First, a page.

India has actively used surveillance technologies to fight the pandemic, but it has not had as much success due to a range of factors, including its incomparably larger population and economic challenges. In addition, while India’s cities are high up in the ranks based on the number of cameras, the country does not have a centralized database of images, and not all cameras are connected to the facial recognition system. This is expected to change soon, with plans to create a nationwide facial recognition system. Also, in some regions, the police have already used CCTV cameras to identify the participants of political protests.
The first country in Central Asia to implement a facial recognition system was Kyrgyzstan, which signed an agreement on the installation of technologies to improve public and road safety with the China National Electronic Import and Export Corporation (CEIEC) in March 2019. Notably, CEIEC provided the facial recognition system to Kyrgyzstan at no cost. Within 2019, a digital command center was set up in Bishkek and 60 cameras were installed. In late 2020, the Kyrgyz government announced plans to add 70 more cameras. Human rights organizations expressed concern about the use of surveillance technologies in Bishkek, but the cameras did not prevent the opposition from deposing former president Sooronbay Jeenbekov in October 2020.
In June 2019, the Uzbek Ministry for Development of Information Technologies signed an agreement with two Chinese companies, CITIC Group and COSTAR Group, on the establishment of an Uzbek-Chinese joint venture within the framework of the Safe City project. The Chinese companies plan to invest $300 million in the project, and potentially increase funding to $1 billion going forward. A facial recognition system (Huawei) will be set up first in Tashkent and later across Uzbekistan. As part of a pilot project, 898 “smart” cameras have been set up in the Shaykhontohur district of Tashkent.
Plans to install a Huawei facial recognition system in Tajikistan were also announced in 2019, but no further information is available on the project.
Likewise, the status of a facial recognition system reported by opposition media to be in use in Turkmenistan is unclear. The level of technological development and mobile communications in Turkmenistan is low compared even to its neighbors, so it would be more difficult to implement an effective digital control system in that country.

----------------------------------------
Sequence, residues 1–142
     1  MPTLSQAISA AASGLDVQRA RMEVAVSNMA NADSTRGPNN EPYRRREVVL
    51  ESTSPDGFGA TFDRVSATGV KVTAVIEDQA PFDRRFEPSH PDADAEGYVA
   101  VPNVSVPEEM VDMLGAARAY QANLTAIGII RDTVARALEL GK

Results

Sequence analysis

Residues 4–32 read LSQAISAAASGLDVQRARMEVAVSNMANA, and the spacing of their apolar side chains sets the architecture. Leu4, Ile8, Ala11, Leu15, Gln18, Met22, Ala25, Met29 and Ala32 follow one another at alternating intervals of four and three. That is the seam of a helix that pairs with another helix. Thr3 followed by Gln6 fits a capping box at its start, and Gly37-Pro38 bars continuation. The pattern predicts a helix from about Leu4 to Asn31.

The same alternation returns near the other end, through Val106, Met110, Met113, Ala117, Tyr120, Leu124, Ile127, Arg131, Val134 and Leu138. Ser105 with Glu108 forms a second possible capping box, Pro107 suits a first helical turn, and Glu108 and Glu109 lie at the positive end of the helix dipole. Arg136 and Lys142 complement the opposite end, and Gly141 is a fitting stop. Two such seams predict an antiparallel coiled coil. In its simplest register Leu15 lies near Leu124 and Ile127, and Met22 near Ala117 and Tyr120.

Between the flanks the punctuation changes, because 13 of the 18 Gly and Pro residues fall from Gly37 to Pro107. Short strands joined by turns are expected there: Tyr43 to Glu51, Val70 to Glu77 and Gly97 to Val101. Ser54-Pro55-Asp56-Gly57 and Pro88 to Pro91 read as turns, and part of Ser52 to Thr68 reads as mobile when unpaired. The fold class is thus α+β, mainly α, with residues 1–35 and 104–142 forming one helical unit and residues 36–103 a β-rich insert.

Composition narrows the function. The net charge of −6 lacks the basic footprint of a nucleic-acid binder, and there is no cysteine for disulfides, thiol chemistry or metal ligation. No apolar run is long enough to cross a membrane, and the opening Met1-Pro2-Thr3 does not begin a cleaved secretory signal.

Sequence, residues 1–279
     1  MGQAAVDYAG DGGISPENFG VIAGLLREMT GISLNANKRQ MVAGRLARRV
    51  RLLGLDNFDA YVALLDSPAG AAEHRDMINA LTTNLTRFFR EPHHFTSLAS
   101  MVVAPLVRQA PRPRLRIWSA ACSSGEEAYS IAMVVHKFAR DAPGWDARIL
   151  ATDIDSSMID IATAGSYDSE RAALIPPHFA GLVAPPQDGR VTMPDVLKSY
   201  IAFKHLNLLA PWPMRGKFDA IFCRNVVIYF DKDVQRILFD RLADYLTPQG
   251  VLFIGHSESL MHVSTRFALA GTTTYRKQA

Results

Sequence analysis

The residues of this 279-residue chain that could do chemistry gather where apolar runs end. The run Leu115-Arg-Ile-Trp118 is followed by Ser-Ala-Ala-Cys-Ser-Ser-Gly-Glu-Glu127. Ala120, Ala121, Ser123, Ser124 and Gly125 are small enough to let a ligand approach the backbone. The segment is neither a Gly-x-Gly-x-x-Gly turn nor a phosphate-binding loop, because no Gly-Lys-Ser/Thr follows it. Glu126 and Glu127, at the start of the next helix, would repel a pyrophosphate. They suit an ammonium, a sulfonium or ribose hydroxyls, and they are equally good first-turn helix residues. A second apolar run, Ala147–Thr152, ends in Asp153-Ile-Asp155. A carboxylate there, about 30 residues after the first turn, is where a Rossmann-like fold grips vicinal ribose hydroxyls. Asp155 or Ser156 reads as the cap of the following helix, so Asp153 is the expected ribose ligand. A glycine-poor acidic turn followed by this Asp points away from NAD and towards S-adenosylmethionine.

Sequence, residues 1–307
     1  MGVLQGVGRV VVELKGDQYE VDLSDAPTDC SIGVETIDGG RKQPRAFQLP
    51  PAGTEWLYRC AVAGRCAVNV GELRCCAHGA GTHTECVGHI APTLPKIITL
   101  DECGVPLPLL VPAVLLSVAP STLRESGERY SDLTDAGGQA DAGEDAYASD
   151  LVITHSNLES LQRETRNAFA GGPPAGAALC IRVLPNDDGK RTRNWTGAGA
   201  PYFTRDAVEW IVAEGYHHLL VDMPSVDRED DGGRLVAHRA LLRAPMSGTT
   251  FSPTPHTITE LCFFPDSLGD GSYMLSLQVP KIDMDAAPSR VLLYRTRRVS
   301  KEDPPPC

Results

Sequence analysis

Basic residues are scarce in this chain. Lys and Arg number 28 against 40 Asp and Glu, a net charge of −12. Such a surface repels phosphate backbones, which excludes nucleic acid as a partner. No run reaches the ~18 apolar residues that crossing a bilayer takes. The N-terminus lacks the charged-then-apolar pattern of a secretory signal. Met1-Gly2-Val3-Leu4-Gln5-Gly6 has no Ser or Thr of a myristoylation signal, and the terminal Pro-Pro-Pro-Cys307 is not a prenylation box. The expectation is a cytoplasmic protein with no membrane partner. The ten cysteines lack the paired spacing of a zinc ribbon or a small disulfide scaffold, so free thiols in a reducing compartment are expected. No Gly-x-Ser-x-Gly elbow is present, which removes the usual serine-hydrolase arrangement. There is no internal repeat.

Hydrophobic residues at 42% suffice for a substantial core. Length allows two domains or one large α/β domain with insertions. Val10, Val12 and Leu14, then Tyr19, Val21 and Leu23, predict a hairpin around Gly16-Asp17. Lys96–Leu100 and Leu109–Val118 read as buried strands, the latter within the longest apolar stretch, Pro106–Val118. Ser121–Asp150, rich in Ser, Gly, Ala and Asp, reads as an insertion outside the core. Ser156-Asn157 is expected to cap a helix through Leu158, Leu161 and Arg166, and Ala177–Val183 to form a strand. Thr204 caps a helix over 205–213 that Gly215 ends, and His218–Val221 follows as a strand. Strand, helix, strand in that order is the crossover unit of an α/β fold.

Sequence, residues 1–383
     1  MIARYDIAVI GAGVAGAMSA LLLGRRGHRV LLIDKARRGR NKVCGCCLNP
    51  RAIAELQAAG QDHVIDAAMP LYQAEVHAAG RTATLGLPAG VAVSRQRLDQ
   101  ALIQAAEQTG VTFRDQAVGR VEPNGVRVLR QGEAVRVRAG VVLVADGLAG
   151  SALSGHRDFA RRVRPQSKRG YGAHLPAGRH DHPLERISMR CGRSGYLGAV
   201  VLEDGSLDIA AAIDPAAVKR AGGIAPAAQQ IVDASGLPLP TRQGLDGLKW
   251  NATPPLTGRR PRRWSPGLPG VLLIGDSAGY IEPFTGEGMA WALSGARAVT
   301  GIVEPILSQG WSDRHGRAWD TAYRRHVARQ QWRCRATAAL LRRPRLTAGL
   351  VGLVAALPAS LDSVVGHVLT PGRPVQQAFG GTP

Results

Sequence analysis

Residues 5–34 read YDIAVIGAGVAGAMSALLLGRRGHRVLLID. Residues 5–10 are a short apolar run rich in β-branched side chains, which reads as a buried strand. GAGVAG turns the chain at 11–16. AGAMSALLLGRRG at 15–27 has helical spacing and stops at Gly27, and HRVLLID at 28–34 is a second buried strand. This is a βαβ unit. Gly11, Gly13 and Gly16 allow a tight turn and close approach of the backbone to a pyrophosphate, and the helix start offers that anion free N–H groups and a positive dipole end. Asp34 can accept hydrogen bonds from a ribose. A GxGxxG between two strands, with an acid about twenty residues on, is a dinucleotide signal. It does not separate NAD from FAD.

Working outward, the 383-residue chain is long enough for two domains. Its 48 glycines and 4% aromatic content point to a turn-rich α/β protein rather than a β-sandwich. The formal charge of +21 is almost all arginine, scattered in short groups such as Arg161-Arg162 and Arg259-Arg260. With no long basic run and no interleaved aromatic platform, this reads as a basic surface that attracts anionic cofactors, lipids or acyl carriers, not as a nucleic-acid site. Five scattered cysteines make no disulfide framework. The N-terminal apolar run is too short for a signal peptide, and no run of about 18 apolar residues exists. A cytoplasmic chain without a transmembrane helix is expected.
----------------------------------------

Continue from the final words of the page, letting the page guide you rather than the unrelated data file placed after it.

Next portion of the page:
In January 2020, the media reported on plans to set up a facial recognition system in Almaty, Kazakhstan. The local police later denied the reports, but in September 2019 Kazakh President Kassym-Jomart Tokayev had visited the office of the Chinese company Hikvision, which is involved in facial recognition and data processing technologies. After the visit, he publicly called upon the Kazakh government to follow China’s example and introduce a system of digitizing personal data in Kazakhstan.
The coronavirus pandemic gave governments around the world a convenient opportunity to test out digital control technologies. Fear of the virus virtually neutralized public backlash. Actions that would have been seen as an impermissible violation of privacy before the pandemic were suddenly perceived as a lifeline.
Even if the governments delete the personal information they have collected, they will retain their improved skills of monitoring citizens, which can then be applied for a range of objectives, from fighting crime to monitoring “suspect” individuals or political opponents.
Current technologies are not advanced enough to carry out totalitarian control on a large scale. Digital surveillance cannot stop truly large-scale unrest: it’s the police, not cameras, that actually detain people. However, the existing toolkit is sufficient to monitor and neutralize specific politicians and activists. Individuals might not notice the digital control systems in their cities and countries until they find themselves in their crosshairs.
The pandemic has shifted the balance between privacy and security (interpreted differently in different countries) from the former to the latter. When the shock from the pandemic wears off, post-COVID societies will have to search for new mechanisms to curb the desire of the authorities for total digital control.
This article was published as part of the “Relaunching U.S.-Russia Dialogue on Global Challenges: The Role of the Next Generation” project, implemented in cooperation with the U.S. Embassy to Russia. The opinions, findings, and conclusions stated herein are those of the author and do not necessarily reflect those of the U.S. Embassy to Russia.
Carnegie does not take institutional positions on public policy issues; the views represented herein are those of the author(s) and do not necessarily reflect the views of Carnegie, its staff, or its trustees.